“Channellock Pliers” by Amy Miller

Amy Miller


They came in a box
Dad gave me one Christmas,
nestled among the level
and awl and putty knife
and changeable screwdriver
and wire cutters and tin snips.
I went home and weighed
each in my hand and finally
put the Channellocks
under my pillow,
their heft just right
for splitting a skull
in a blind swing
out of a startled sleep.
I never told my father
this. Their handles
dipped in red rubber still hush
their clank when I hold them
in the night.

from Rattle #51, Spring 2016
Tribute to Feminist Poets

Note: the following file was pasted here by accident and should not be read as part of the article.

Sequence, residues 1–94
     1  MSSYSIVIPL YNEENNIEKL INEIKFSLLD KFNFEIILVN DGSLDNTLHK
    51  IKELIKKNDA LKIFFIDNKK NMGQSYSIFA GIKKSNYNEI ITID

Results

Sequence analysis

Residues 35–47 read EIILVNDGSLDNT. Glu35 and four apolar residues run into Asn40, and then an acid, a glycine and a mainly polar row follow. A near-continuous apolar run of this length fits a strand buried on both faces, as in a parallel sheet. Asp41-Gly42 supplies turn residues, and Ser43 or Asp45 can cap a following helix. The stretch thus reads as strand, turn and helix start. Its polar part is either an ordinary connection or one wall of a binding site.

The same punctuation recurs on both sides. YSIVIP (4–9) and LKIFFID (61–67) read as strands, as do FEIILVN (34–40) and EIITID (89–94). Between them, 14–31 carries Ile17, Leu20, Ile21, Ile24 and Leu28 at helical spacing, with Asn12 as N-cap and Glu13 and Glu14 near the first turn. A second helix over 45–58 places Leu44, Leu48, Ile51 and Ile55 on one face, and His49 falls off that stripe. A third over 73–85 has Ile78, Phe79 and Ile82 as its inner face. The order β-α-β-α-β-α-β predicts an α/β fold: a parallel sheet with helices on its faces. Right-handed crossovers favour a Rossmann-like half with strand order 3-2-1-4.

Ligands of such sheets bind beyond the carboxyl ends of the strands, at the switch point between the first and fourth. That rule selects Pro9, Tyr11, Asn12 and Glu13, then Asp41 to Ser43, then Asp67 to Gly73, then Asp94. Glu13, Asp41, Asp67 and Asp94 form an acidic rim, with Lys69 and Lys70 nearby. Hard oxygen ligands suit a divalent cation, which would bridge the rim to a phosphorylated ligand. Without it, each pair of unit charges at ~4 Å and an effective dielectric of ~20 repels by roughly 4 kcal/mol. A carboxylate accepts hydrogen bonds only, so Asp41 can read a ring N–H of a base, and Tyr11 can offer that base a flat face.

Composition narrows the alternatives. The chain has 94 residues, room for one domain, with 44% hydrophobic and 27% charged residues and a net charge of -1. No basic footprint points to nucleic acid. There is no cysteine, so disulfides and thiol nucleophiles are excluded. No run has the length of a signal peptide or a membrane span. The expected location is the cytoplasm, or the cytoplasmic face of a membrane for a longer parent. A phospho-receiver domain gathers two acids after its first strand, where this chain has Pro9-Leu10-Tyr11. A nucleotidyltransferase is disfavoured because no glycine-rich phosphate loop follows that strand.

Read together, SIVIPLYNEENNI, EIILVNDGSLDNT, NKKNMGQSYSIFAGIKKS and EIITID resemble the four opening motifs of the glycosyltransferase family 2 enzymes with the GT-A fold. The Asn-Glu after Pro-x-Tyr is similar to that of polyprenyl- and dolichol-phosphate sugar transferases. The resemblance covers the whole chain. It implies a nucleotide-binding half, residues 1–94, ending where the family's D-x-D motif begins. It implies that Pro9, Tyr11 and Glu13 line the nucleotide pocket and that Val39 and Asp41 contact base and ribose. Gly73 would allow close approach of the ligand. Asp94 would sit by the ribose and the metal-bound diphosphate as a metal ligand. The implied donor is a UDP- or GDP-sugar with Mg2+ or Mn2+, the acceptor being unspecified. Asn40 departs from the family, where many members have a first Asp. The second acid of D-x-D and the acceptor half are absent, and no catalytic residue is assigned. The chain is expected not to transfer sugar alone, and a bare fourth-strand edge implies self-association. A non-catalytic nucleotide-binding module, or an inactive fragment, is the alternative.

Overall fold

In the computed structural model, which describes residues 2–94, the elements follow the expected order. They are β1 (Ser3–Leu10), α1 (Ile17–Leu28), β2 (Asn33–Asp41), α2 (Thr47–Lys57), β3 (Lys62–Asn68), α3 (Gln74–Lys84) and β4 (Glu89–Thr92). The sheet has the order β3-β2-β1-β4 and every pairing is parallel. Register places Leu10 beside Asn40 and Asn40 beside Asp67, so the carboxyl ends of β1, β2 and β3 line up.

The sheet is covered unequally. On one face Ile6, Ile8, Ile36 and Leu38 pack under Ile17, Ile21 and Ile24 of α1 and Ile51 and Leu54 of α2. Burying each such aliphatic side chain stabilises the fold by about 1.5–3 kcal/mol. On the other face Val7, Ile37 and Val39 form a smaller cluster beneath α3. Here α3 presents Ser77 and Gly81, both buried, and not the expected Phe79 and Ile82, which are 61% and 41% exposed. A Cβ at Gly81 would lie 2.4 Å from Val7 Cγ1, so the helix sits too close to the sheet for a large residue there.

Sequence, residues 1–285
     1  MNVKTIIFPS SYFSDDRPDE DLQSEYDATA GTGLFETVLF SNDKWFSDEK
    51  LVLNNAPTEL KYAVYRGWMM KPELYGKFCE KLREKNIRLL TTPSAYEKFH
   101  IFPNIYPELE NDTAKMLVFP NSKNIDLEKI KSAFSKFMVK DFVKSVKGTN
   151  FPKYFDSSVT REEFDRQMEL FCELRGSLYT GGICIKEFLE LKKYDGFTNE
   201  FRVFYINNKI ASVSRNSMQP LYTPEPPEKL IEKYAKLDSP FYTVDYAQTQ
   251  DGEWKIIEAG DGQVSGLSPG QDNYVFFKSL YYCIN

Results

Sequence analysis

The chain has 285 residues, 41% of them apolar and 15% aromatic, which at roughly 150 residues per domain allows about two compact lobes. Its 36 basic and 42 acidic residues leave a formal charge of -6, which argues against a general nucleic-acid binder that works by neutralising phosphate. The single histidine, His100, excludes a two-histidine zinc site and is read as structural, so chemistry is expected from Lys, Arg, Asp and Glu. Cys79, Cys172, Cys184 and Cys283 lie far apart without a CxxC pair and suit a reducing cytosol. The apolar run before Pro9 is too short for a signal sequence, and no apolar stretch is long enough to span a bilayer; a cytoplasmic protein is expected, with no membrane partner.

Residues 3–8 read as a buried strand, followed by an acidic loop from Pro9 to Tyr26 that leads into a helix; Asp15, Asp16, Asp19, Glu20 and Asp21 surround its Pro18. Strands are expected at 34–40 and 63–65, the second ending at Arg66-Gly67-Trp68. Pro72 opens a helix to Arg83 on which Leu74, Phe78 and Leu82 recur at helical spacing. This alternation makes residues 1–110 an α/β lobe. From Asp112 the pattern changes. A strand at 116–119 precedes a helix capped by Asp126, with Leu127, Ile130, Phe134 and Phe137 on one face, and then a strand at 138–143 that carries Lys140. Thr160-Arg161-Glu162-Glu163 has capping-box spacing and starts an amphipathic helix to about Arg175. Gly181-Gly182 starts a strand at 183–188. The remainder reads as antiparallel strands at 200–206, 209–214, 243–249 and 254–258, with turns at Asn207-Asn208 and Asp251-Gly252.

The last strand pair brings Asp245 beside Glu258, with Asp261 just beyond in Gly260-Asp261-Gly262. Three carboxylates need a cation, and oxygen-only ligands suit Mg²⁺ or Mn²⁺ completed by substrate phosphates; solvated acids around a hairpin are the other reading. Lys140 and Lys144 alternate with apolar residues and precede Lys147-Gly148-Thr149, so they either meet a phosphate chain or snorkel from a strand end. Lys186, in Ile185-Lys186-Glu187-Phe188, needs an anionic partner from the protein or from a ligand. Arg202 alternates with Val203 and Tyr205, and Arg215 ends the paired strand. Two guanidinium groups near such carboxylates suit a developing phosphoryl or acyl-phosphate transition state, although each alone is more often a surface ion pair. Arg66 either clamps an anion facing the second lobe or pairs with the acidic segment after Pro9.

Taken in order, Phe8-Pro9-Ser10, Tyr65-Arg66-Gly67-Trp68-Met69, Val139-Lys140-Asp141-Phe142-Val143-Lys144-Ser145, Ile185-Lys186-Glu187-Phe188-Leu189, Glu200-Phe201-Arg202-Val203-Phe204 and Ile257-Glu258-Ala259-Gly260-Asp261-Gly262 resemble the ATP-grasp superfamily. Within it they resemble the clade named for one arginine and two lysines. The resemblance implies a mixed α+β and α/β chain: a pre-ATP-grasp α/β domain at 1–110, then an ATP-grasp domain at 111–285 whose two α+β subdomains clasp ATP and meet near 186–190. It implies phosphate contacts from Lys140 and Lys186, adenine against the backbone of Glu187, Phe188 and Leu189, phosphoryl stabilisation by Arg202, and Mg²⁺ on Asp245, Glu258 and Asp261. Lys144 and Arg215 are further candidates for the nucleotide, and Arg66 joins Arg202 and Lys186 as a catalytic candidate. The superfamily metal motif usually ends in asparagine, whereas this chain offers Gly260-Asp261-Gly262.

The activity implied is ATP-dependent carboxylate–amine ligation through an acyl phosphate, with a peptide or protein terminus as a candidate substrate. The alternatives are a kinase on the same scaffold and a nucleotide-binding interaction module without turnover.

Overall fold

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Amy Miller: “I’ve been turned down for jobs because I was a woman. I’ve been sexually harassed at work and on the street. Men have exposed themselves to me in parking lots, public parks, and my own driveway. I’ve been in relationships where I was expected to cook because I was the only person in the house with ovaries. I’ve cut hikes short because the trail got too desolate; I walk with pepper spray in supposedly safe neighborhoods. And none of this is uncommon—ask any woman. I don’t know how you can be alive in the world today and not be a feminist.” (website)

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